From the CEO

This past August I, along with several APA staff members, participated in the commemoration of the 50th anniversary of the historic March on Washington (see related column by Dr. Gwendolyn Keita). Thousands of participants stood and sat on the Washington Mall and heard many inspiring speeches (one by President Obama) about our nation's progress and ongoing challenges in civil rights, equality, and diversity. As I listened to these speeches, I reflected on our association's own progress in becoming an organization that is itself reflective of the goals and aspirations of the civil rights movement.

Social justice, diversity and inclusion

The APA strategic plan, approved in 2009, includes "social justice, diversity, and inclusion" as one of its five core values. Indeed, the association has a long history of adopting policies that oppose discrimination and support diversity, fostering the inclusion at all APA levels of ethnic minorities, women, older adults, lesbian, gay, bisexual and transgender people and people with disabilities. As early as 1950, APA endorsed a policy that prohibited us from hosting meetings in venues that discriminated on the basis of race or religion. In more recent years, APA has opposed bias against same-sex couples (2004), condemned hate crimes (2005) and disparaged any expressions of prejudice (2006).

To gauge our success in cultivating diversity, in 2005 APA's then-President, Ronald Levant, PhD, appointed a Task Force on Enhancing Diversity chaired by APA Past President Richard M. Suinn, PhD. After conducting a thorough analysis of APA's policies, programs and activities, the task force issued a report confirming that "APA has been evolving as an organization that seeks to be welcoming to diversity."

But the report also identified areas for improvement. For example, the percentage of ethnic minorities who were APA members had not changed over the years, despite increases in the U.S. population. Also, women and ethnic minorities continued to be underrepresented in the awards that APA gives annually.   

To address those and other problems, APA's Council of Representatives directed me to develop a Diversity Implementation Plan to ensure that diversity is an integral part of APA's structures and activities. Last summer, I shared with the council a report on the progress we have made in meeting our five goals. They are to:

  • Enhance the "welcomeness" of APA to diverse groups. This includes increasing the diversity of APA's membership and improving access to leadership opportunities for people of diverse groups. One of our greatest successes in this area is attracting more minorities to APA governance. Overall, the percentage of minorities in all APA governance — including its, council, boards and committees — rose from 14 percent in 1996 to 24 percent in 2012. (For another example of an APA program that brings more minorities to psychology governance, see "Wanted: More diversity in psychology governance" on page 38.)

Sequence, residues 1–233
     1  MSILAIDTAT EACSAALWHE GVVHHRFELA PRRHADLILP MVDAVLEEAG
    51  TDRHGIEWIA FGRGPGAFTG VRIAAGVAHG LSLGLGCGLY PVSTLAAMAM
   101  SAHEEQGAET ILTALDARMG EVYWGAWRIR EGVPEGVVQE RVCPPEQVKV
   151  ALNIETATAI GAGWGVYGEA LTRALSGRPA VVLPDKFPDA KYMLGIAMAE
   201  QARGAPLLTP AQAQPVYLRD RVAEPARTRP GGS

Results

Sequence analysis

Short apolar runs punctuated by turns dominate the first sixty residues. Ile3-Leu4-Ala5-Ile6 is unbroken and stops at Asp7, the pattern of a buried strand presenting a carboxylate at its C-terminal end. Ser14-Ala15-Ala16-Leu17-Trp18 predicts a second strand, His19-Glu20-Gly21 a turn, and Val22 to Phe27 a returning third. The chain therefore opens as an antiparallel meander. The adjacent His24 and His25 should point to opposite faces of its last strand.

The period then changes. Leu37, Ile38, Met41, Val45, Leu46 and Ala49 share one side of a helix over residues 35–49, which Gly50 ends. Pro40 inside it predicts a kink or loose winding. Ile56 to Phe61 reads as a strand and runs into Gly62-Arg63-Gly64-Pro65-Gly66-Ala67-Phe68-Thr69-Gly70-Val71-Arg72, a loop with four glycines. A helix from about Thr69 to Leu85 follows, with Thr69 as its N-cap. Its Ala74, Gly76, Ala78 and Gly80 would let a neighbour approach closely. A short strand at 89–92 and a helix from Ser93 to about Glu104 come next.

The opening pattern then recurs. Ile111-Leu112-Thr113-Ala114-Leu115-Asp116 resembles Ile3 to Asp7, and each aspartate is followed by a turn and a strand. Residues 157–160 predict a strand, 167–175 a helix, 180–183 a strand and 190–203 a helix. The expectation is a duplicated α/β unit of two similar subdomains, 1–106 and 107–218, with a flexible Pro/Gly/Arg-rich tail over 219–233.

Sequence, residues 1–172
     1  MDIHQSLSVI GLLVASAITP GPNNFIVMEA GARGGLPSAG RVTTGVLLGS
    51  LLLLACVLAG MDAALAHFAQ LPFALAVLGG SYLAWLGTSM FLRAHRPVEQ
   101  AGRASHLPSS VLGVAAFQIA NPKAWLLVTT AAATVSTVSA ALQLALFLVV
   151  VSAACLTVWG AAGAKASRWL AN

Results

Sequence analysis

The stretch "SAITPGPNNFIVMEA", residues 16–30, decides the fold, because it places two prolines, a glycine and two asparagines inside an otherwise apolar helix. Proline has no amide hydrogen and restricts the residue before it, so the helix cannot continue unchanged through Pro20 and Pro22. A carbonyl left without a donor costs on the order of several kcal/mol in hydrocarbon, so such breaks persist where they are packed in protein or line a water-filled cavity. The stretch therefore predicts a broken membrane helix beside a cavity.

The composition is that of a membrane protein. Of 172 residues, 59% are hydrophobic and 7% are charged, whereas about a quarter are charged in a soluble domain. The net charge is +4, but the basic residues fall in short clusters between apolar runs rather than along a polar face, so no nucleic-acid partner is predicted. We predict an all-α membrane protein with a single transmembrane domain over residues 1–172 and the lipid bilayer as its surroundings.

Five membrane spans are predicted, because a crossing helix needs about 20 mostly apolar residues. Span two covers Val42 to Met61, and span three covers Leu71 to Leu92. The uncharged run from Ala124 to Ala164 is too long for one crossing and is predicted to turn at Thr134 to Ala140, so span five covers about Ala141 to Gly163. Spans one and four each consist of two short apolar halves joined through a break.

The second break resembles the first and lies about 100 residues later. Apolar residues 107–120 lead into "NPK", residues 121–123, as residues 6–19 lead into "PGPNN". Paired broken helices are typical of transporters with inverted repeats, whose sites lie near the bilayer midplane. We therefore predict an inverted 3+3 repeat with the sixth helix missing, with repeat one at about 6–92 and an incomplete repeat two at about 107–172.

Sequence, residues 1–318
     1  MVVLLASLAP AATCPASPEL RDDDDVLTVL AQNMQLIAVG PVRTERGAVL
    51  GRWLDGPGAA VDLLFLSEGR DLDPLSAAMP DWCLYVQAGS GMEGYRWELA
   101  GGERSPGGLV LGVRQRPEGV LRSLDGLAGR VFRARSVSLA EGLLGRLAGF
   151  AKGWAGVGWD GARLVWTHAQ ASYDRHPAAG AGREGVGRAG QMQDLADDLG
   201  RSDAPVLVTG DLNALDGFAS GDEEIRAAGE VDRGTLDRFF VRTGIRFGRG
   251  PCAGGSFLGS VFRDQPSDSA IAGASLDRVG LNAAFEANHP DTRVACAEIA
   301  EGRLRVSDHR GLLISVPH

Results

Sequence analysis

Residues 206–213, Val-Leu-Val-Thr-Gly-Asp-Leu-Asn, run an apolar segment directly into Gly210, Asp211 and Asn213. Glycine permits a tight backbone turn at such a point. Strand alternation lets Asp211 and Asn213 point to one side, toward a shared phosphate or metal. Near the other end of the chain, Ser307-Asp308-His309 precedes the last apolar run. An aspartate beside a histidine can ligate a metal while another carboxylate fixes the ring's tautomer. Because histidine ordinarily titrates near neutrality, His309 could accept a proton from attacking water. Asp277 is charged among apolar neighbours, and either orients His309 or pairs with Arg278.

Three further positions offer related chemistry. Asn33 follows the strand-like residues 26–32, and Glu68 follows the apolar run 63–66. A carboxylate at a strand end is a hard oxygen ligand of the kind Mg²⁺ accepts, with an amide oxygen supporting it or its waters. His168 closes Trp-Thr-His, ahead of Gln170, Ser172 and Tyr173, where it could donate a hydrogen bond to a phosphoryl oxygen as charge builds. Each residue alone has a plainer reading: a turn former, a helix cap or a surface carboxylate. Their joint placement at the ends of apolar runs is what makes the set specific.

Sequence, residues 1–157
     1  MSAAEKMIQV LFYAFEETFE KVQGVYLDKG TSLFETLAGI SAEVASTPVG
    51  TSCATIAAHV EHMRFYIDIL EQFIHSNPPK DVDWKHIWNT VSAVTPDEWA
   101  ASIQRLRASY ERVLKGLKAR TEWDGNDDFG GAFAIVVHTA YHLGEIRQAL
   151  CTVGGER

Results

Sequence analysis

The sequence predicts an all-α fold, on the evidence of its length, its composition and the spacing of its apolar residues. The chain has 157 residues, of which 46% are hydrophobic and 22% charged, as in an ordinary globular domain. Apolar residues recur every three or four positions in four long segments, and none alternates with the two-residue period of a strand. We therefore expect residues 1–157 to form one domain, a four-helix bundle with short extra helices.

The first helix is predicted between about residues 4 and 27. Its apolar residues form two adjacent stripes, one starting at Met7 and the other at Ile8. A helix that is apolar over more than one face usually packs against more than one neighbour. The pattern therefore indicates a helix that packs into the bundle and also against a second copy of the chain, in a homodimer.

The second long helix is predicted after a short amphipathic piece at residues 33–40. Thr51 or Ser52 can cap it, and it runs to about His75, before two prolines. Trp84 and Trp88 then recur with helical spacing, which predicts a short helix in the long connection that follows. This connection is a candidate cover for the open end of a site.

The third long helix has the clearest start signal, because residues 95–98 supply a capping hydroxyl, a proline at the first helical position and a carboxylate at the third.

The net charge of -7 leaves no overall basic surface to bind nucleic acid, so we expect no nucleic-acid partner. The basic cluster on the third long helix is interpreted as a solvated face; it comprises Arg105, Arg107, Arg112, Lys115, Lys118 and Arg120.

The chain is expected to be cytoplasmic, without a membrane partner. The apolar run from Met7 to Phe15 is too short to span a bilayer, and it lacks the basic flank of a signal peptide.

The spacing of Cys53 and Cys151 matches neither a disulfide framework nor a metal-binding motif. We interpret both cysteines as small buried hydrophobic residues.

• Promote recognition of the value of diversity in APA policies, publications and programs. APA produces a wealth of publications that focus in part or whole on diversity issues, from magazines, such as the Monitor, to a variety of newsletters, including In the Public Interest, which addresses all of the diversity issues with APA's Public Interest Directorate and Communique News Journal, a quarterly e-publication on issues relevant to people of color.
  • Enhance access to, and encourage participation by, diverse groups in APA activities. Our work under this goal ranges from ensuring that people with disabilities can attend all APA meetings to giving travel awards to international psychologists to help offset their expenses to attend APA meetings so that we can benefit from their different perspectives.
  • Expand support for diversity in psychology education and the training of future psychologists. To meet this goal, APA produces such resources as lesson plans for K–12 teachers of psychology, our Guidelines for Undergraduate Psychology Majors, Minority Fellowship Program Psychology Summer Institute, Advanced Training Institutes on Research Methods with Diverse Racial and Ethnic Groups and supports numerous recruitment efforts.
  • Promote diversity in psychological research and practice. Among our activities in this area are several aimed at increasing the diversity in psychological research topics and methodologies and APA practice guidelines that address working with diverse clients.

A full list of the ways in which we foster diversity at APA — 90 pages in all — appears online. This report is a snapshot of our current efforts to cultivate diversity at APA — and we look forward to adding to it.